If you feel that a complaint is warranted to the state attorney general, do so. If enough of us do, we may get some state-level support. As the web site outlines,
"AG Reilly's hotline is available to consumers with concerns about escalating gas prices and potential incidents of price gouging."
AG Reilly's Consumer Complaint Hotline
www.mass.gov/ago, or call 617-727-8400.
In addition, the federal Department of Energy is seeking out complaints from consumers with concerns about price gouging at the pumps and can be found at http://gaswatch.energy.gov.
Olympic swimmers, go elsewhere
To the Editor:
Three cheers for Chilmark. This town knows how. At their recent special meeting they shot down the ridiculous scheme of building an Olympic swimming pool at Peaked Hill. This is something that belongs in the suburbs of New York or Boston — not Martha's Vineyard.
We have been coming here for 50 years, and our kids learned to swim at Menemsha Beach and some of the surrounding ponds. This was a real experience, not a manufactured one. As Steve Gallas succinctly put it, "The ocean experience is more beneficial than learning how to swim in a concrete hole in the ground."
The town now offers recreational use at Peaked Hill every Sunday. Some 30-odd softball players of all ages, sizes, and sexes come out to play a doubleheader (at little cost to the town). Then the whole family goes swimming at Lucy Vincent, Squibnocket, or Menemsha Beach after the game. Let's keep this Island spirit alive and send the Olympic swimmers elsewhere.
Yes, Chilmark got it right again.
To the Editor:
Edgartown will hold a special town meeting on Thursday, October 13 at 7:30 pm in the Old Whaling Church.
Two articles proposed for the special town meeting warrant are requests to affirm votes taken at annual town meeting in 2003. The first article endorses the creation of a short road crossing from Metcalf Drive to the Pennywise Path affordable housing development. The second allows the town to petition the state legislature for approval of a conservation restriction on the proposed road.
In conversations with Representative Eric Turkington, he has a greed to submit this request to the legislature, and we are grateful for his support. Let us also lend our supporting votes.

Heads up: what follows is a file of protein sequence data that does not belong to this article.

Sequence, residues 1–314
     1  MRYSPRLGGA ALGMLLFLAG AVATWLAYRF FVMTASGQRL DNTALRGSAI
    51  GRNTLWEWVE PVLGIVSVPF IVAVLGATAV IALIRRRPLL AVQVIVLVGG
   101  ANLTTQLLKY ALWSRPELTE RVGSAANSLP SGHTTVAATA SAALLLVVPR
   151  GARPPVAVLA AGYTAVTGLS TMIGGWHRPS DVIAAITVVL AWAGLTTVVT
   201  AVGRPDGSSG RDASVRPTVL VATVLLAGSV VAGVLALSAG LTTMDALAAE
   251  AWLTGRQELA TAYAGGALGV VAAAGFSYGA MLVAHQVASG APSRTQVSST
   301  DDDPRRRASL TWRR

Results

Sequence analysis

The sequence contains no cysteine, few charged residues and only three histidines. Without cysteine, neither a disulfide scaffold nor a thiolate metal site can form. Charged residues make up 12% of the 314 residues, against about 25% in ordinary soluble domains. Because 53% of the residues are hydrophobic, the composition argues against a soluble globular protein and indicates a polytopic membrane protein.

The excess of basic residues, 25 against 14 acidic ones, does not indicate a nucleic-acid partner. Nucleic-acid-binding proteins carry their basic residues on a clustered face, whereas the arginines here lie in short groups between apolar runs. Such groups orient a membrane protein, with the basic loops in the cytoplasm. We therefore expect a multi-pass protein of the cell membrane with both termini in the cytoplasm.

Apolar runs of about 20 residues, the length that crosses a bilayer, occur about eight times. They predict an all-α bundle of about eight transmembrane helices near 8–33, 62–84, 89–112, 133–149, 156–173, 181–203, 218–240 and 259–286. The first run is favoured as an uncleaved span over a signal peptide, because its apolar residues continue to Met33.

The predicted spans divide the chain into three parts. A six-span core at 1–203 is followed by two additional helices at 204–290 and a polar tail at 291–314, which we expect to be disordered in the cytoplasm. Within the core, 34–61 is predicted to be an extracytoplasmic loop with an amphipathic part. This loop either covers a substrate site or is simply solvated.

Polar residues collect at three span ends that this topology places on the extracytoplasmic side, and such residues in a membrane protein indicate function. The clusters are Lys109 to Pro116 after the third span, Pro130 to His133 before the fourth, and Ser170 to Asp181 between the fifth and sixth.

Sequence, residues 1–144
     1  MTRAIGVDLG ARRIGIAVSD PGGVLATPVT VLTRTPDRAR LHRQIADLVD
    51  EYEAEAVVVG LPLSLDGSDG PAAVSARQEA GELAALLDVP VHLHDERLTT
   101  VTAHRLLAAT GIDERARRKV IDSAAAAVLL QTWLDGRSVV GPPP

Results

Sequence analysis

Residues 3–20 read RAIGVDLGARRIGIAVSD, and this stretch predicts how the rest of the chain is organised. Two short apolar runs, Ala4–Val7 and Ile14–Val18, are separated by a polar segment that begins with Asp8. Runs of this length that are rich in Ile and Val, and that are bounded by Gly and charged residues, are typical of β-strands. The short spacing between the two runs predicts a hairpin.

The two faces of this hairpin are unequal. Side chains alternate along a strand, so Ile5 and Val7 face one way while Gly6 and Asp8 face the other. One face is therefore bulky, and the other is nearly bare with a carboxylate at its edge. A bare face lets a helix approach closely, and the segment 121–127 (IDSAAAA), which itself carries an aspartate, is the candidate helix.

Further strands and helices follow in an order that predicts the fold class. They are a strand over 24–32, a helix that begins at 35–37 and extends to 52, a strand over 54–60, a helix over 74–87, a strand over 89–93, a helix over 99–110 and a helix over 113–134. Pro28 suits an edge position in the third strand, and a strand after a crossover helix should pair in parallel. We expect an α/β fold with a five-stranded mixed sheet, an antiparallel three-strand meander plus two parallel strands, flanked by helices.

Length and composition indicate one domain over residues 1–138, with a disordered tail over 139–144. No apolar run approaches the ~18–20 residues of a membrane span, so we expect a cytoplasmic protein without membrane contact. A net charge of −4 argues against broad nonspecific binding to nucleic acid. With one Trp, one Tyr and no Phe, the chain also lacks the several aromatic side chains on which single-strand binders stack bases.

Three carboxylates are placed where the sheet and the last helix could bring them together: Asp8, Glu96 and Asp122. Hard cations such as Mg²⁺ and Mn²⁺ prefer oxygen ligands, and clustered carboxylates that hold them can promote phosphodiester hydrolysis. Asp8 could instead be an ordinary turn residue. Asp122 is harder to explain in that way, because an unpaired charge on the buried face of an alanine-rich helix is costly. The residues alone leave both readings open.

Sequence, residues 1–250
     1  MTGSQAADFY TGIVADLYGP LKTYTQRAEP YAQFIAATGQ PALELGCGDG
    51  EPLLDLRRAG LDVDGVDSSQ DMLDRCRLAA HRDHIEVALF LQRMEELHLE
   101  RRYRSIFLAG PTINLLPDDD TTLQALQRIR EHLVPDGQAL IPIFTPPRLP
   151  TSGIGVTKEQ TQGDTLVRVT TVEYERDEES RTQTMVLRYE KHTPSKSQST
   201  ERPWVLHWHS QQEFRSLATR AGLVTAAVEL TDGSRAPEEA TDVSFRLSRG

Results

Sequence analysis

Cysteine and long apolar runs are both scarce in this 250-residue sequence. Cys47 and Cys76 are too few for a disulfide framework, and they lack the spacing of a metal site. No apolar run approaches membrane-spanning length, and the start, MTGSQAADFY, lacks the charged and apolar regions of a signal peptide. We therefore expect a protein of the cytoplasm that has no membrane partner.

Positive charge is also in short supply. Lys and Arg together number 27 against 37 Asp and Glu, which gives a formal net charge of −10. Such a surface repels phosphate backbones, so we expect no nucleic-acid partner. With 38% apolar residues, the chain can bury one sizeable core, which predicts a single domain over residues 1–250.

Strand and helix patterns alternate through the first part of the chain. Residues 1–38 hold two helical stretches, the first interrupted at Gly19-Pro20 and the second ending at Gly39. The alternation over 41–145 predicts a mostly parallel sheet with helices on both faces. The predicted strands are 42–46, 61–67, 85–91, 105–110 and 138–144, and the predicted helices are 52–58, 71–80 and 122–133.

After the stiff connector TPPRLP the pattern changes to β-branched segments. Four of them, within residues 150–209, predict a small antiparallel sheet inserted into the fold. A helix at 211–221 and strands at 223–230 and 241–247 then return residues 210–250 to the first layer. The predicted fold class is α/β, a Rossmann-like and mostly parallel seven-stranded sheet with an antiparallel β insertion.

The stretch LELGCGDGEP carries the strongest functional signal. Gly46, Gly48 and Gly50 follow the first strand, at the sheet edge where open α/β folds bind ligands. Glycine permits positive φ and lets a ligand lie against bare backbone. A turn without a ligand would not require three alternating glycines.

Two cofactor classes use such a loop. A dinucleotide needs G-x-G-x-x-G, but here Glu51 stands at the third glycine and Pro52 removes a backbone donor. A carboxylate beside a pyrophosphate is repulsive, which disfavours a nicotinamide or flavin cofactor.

The conservation easement is key to safe and sensible access to the project.
To the Editor:
The Island Blue Pages: A Guide to Protecting Martha's Vineyard Waters, just published by the MV Shellfish Group, is an essential reference booklet that should be read, discussed and followed by everyone who cares about the future of our beloved island. We congratulate the authors on the creation of this marvelous monograph.
As the publication says, you should "use the suggestions in the booklet to change your behavior and protect our ponds." If your behavior is already compatible with recommended conservation methods, then you can use this work to educate others. So much about the quality of the water at which we look, in which we swim and bathe, and that we drink is dependent on the habits of homeowners and residents. And not just those who live on our lakes, ponds, streams, and ocean shores but all of us because everyone everywhere lives in a watershed. How we use water, how we landscape our property, what we do with hazardous waste, what we put down our sinks, whether we recycle or not — all help determine the health of our water resources.
In an engaging and clearly written way, the Blue Pages guides us through the various steps necessary to becoming better watershed citizens. If you did not get a copy in the newspaper please contact the MV Shellfish Group at 508-693-0391 or log on to www.islandbluepages.org.
April Vahle Hamel
Sheriff's Meadow Foundation
To the Editor:
It is with a sense of deep frustration and powerlessness that I address this letter to you, the current parents, parent board, board chairman, William Cleary and director K. Hyde of the Vineyard Montessori School.
When our home was purchased 30 some years ago, we abutted the former Tashmoo Inn, which was at that time the Sandpiper Restaurant, open only for dinners during July and August. So our lovely neighborhood enjoyed the tranquility normally associated with residential districts.
About 10 years ago, the owner of the tennis courts property behind them, the parking lot you utilize just off Main on Tashmoo, and the Sandpiper property, opted to divide the latter into two parcels. The one closer to West Chop he sold and two small dwellings were placed upon it with a rather large frontage of about 150 ft. The remaining much reduced section he sold to you as a school despite the fact that your parking lot is still owned by the seller according to town maps.